Your kid’s bedroom and how they feel about the way it’s decorated is super important. Why? For a number of reasons – including some that can benefit them into adulthood. We talk all about in our June 2015 Metro Parent magazine cover story.
So while kids should have a say in how their cool kid bedrooms rooms look, as you read, they’re collaborating with parents to do the purchasing, no doubt. Experts in the furniture and design worlds are seeing some standout trends when it comes to kids room decor and furniture.
What’s hot, and what are some of the reasons for these furniture, color and theme choices? These 2015 bedroom trends for kids’ bedrooms might give your kids from bedroom decorating ideas!
Mature looks are hot. No Frozen or SpongeBob SquarePants these days (though we’re willing to bet Olaf is covering someone’s room!). Jennifer Asmar, interior designer and founder of Asmar Interiors in Troy, says parents aren’t doing age-centric décor as much anymore. “It’s more sophisticated.”
Over at House of Bedrooms Kids in Bloomfield Hills, Dave Biauce, general manager, says a few years ago, people were into the “baby, kiddy-type looking dressers.” Now, even in nurseries, he’s seeing more adult-influenced pieces. “They feel that they can use them a lot longer.”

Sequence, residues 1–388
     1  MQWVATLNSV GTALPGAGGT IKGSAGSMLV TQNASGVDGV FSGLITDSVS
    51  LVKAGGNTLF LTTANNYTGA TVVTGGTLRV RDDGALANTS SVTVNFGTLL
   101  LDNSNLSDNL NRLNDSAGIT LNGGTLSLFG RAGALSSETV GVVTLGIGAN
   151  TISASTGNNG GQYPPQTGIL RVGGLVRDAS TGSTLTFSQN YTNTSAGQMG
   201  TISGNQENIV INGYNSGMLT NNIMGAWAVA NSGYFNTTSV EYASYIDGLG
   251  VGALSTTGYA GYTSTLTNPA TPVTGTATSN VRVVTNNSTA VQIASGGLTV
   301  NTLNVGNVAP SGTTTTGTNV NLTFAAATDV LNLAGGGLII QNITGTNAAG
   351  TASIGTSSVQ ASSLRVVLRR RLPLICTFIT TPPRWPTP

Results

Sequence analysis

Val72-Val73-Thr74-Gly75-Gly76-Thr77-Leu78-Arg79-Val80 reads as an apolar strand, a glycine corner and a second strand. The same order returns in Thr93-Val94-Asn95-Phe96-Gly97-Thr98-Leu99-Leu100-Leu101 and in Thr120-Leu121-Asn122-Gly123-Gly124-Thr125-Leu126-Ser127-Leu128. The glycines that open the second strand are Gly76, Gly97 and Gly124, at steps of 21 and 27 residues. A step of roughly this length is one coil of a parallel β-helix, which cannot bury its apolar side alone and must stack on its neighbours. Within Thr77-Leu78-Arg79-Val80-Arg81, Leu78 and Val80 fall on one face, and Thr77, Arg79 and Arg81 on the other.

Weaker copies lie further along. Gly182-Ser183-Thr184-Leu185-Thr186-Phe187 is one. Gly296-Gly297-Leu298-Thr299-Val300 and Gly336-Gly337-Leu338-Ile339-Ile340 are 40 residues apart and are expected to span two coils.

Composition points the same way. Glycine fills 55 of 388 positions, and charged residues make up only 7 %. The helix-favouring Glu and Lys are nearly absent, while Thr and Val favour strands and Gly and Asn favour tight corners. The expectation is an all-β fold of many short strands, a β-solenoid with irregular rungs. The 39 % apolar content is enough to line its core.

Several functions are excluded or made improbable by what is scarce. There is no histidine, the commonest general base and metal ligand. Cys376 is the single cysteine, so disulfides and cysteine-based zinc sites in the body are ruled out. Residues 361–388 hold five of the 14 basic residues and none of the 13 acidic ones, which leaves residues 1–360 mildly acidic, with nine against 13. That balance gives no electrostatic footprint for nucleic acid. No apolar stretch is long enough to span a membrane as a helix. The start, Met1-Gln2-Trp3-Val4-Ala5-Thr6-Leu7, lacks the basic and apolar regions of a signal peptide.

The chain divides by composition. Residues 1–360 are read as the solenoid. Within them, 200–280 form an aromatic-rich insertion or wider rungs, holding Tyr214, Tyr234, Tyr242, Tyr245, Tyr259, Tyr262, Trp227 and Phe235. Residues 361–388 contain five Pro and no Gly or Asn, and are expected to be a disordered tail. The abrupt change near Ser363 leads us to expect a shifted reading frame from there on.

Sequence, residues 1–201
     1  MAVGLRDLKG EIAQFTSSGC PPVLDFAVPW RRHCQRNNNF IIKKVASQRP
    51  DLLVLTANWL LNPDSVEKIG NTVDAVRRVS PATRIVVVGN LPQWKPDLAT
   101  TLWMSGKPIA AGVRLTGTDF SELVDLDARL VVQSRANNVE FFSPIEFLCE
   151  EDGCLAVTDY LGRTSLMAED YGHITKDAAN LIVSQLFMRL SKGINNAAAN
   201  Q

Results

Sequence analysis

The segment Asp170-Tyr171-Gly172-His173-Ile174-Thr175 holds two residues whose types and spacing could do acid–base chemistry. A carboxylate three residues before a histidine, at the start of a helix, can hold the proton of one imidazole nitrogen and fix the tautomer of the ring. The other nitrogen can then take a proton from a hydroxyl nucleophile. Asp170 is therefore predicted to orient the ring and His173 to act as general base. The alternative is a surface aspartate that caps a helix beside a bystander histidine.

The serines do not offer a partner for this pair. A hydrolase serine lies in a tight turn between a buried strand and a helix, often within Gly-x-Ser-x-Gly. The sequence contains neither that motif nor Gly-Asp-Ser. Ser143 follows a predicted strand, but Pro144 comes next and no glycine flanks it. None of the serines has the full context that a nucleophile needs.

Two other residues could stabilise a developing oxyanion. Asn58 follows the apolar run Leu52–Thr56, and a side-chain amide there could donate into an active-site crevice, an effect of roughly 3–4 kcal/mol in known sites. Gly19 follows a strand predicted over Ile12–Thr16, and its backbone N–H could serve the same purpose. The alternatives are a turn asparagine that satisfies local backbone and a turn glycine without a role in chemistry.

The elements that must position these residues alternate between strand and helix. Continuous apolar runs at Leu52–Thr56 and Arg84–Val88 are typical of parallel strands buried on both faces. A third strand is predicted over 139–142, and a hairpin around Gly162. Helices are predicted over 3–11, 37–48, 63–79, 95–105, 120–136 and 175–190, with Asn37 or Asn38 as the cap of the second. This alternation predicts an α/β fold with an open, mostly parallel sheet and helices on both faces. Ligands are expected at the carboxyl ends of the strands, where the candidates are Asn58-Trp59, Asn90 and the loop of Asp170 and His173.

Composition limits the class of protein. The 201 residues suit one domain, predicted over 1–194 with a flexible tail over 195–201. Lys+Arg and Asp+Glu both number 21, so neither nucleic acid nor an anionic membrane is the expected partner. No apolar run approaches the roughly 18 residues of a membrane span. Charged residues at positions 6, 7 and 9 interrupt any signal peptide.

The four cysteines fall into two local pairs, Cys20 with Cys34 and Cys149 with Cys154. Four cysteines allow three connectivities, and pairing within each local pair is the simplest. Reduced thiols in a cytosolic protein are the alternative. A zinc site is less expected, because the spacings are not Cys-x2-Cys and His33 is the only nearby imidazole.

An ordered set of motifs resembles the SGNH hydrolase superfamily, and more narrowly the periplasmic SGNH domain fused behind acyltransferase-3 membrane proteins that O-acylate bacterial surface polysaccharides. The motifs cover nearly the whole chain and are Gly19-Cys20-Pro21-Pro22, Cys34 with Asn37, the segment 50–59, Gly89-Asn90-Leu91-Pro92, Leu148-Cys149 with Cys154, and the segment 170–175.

In the long run, buying more timeless and upscale pieces will save you money, too, Asmar says.
It’s all about dry-wood furniture. Folks are ditching the espresso-, cherry-, white- and honey-colored woods for driftwoods and even walnut colors in furniture, Biauce says.
Gray is the color scheme of choice. “The grays have really hit hard,” Biauce notes. He says he has seen it make a “comeback” (gray was a big color trend in the ’80s) in stains and paints alike.
Sofas? This might seem like an odd choice, but it’s practical now and down the road. Asmar says she’s put quite a few sofas in rooms she designs. Kids use them for sleepovers. Biauce says bunk beds still sell, too; they’re also great for overnight guests.
Big beds > twin beds. “Try to stay away from smaller beds,” Asmar says. Opt for full or queen. In fact, Biauce says he sells more full-size beds than twin. The mattresses are only about 15 inches wider, he notes. Later on, “that’s a big item that you don’t have to change,” Asmar adds.
Desks = good. Just because tablets and portable electronics are cool now doesn’t mean a designated workspace has gone the way of the dodo. “We are still selling desks,” Biauce says, noting, “(The) desk is still an area to keep for homework.” Asmar has seen this, too. One young girl she designed a room for expressed how much she enjoyed drawing and writing, so Asmar made sure to accommodate her interest by including a desk in the design.
Keep in mind: These may be trendy, but, as Asmar points out, it’s hard to pinpoint a certain item that’s “it” right now. Ultimately, one little opinion matters most. “Every kid is different.”
Get to decorating – and make sure your kids have a say. Read more about the importance of your kid’s bedroom in the June 2015 issue Metro Parent magazine.
Photo of The Wrightwood Bed by The Land of Nod